Courtney Gale got back her badge.
Nearly six years after a near-fatal knife attack, Gale was sworn in again this week as an officer with the Athens-Clarke County Police Department.
She was reinstated as a sergeant, the rank she held when a man stabbed her a dozen times in December 2007.
Though Gale returned to the job in a civilian capacity in February 2012, Tuesday marked the day she had her eye on while on a grueling road to full recovery.
Soon before she was attacked, Gale had passed the lieutenant’s exam. She passed it again during the winter, positioning herself to achieve her long-term goal of climbing to the top of the law enforcement career ladder.
“It’s a dream come true,” Gale said Wednesday morning. “Everything is lining up where I left off. I’m a sergeant. I passed the lieutenant’s exam. I’m back in the game.”
Gale made use of her long medical leave to earn a master’s degree in public administration at the University of Georgia. It’s an accomplishment that has become a requirement to become police chief in many large metropolitan areas.
“My goal of becoming police chief has not changed,” she said. “I’m just picking up where I left off.”
Athens-Clarke Police Chief Jack Lumpkin referred to Gale as “a miracle who overcame insurmountable adversities, both physical and emotional, to achieve this desired outcome.”
Gale was a supervisor in the Athens-Clarke police robbery-homicide unit on Dec. 11, 2007, when she was moonlighting as a uniformed security guard at Kroger on Alps Road.
When she checked on a man’s bizarre behavior in the meat aisle, he attacked her with a kitchen knife and stabbed her a dozen times. The knife sliced her femoral artery, and authorities said she would have bled to death in the supermarket if a nurse who was shopping hadn’t been there to help stanch the bleeding.
The officer remained in a coma for two weeks and had several surgeries to save her leg, all while tethered to a respirator, a dialysis machine and feeding tube. She was released from the hospital 45 days later, then underwent intensive therapy at the Shepherd Center in Atlanta.
Doctors called her recovery extraordinary.
In a matter of weeks, Gale went from wheelchair to a walker and then a cane. After completing supervised rehab, she continues to work out at a gym at least four days each week.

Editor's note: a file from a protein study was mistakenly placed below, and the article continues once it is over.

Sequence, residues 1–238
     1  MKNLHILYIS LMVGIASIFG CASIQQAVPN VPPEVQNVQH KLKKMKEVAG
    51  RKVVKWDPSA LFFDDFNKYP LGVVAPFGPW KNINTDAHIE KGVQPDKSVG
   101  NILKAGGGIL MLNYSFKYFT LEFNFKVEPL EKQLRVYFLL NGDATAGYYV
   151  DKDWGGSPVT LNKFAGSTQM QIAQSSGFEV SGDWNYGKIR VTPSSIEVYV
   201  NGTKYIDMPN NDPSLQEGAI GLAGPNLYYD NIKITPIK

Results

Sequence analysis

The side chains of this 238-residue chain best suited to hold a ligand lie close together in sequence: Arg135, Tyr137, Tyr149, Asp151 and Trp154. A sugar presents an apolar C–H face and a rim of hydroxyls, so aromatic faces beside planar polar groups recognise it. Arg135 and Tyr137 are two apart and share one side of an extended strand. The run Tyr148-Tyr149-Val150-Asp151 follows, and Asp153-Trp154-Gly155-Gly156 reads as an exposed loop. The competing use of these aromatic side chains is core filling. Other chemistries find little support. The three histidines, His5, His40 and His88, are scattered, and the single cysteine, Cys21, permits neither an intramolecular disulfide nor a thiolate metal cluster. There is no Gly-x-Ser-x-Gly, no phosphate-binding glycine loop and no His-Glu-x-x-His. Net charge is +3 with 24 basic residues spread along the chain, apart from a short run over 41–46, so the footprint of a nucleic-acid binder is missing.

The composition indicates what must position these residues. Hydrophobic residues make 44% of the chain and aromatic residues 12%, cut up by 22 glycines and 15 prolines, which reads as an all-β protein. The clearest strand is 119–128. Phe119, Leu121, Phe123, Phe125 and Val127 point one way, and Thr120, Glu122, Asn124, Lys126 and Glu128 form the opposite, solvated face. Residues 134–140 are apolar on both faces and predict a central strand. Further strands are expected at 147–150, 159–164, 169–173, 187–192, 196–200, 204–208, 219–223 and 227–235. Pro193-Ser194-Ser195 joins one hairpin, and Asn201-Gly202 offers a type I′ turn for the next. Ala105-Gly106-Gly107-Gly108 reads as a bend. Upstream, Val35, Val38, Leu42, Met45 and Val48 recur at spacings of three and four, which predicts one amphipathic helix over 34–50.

“The party’s over,” Gale said. “It’s time to get to work again.”
Though her doctor deemed Gale ready to return to work in December 2011, police officials were not ready to take her back as an officer until she could demonstrate she had recovered the physical and cognitive abilities required for the job.
In the meantime, Gale was hired as a civilian police employee, assigned to the training division and assisting with re-accreditation — an independent review of the police department. Her responsibilities were increased when assigned as coordinator of the Leadership in Police Organizations program, a three-week course hosted by the Athens-Clarke County Police Department.
The 10th class, comprised of 36 students representing 12 agencies from Georgia and North Carolina, graduated last week. During a commencement ceremony, Lumpkin told graduates about Gale’s pending reinstatement as a police officer.
Rodney Manning, an LPO instructor with the International Association of Chiefs of Police, congratulated Gale for tirelessly working her way back to full duty.
“Your perseverance over the last six years has enabled you to reach this goal. The constant adversity and obstacles physically and emotionally that you endured only make you stronger,” Manning said to Gale. “More importantly, the high level of character — the goals and values you possess — coupled with your competence is a shining example to all.”
Gale officially became a police officer again on Tuesday, when administered the oath of her position by Athens-Clarke County Probate Court Judge Susan Tate.
As she had many times during her recovery, Gale thanked her loved ones for their support and expressed gratitude to the Athens-area community.
“All of the fundraisers people had while I was in ICU and afterwards provided the financial assistance that got me through grad school, so I didn’t have to be so stressed out over how to pay for it,” she said.
“On top of that, when I go to the grocery store, complete strangers hug me and tell me how they prayed for me,” Gale said. “I only attribute where I am today to the prayers being answered and that the Lord has a plan. For that, I am forever commited to the community.”
Courtesy of Athens Banner Herald/OnlineAthens.com